I’ve never worked in an agency so I really feel like an outside observer. I read a lot of publications and I speak to people but my perception is that there’s something of a crisis of confidence happening, and more than that a crisis of role: what are agencies for? Where do they stand in relation to clients? How forceful can they be in terms of asserting their own identity? I think that’s a really important one. To what extent can you stand up to a client and say ‘actually this is who we are and this is how we want to run a project’. But I suppose I feel in some ways, like all of us, that the industry is in a transitional phase because the world is changing so fast that it’s hard to know whether to continue with the models of the past (which are still just about profitable and in many ways the only way to continue to pay your employees) or to try and embrace something new and which is risky. And it’s much easier if you’re small and new like we are, than if you’ve got 2000 staff. So I sympathise with people in senior positions, but what I do know is that younger people coming in and people across the industry are desperate for a new way of doing things, and indeed a new focus for the work, and that’s really exciting as well as being confusing.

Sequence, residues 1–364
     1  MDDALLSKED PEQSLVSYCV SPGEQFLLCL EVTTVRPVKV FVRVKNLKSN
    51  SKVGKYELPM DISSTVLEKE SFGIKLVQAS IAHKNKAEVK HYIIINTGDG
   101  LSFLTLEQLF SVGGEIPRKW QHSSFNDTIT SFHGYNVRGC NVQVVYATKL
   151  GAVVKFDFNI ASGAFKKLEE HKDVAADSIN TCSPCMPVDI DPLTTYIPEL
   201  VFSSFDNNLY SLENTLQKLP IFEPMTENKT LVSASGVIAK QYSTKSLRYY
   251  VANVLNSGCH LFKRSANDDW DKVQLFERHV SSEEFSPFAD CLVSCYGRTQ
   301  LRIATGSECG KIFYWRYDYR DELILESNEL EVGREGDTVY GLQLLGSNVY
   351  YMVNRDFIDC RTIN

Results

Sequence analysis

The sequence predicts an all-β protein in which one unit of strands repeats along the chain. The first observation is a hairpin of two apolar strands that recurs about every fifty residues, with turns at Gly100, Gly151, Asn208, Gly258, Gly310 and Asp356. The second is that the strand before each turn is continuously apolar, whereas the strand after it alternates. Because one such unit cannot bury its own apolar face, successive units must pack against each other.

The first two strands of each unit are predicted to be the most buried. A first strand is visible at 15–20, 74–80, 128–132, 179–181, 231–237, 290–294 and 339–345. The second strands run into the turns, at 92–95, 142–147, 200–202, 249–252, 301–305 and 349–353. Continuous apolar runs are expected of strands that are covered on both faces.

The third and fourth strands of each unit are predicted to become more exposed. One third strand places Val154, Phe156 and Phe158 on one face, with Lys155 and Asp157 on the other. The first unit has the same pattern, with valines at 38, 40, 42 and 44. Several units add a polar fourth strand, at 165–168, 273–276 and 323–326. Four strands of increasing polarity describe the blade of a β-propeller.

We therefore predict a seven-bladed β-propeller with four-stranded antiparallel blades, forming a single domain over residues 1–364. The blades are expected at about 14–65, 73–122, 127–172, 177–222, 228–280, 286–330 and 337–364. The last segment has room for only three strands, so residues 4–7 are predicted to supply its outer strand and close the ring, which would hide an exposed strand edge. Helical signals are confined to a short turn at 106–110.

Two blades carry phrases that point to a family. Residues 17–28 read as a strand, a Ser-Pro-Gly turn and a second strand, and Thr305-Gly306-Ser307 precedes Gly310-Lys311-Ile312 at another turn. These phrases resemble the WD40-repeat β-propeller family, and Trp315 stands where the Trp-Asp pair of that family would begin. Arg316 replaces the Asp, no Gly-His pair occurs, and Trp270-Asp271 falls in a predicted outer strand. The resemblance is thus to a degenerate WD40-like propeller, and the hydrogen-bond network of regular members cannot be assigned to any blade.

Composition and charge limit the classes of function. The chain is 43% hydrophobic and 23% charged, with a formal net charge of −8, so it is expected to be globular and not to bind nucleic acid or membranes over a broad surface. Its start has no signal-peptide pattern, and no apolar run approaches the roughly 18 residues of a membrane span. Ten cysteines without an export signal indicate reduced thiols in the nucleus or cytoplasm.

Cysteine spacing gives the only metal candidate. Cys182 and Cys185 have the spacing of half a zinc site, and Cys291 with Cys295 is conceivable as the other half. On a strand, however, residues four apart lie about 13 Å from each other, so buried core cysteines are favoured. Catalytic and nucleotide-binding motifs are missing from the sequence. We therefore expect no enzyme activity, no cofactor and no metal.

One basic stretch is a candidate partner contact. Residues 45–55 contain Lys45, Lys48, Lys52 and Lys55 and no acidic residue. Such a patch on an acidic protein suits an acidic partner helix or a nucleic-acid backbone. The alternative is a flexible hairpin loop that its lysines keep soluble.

WHAT DO YOU THINK THE INDUSTRY COULD LEARN FROM GLIMPSE IN ITS INTENTION AND WAYS OF WORKING?
I wouldn’t presume that the industry could learn anything from us because we’re so new. But in a more general sense, what we found is that when you tap into people’s personal passions and allow people to voice them in a professional context, to work on things that matter to them, the quality of the work goes up. As does the application, the focus and the dedication, so if you want to do the best work, work on stuff your employees really care about, it’s as simple as that. And also really take the time to learn what they really care about, even if it has nothing to do with your existing clients. It might seem like a distraction but it will deliver both motivation amongst those people and also potential avenues. Who knows if someone on your accounts team has a personal passion that could be applied to one of your accounts that you’ve never thought of before. I think from what I can tell of brands these days, they are looking for that kind of work more than ever before, so take the time to find it.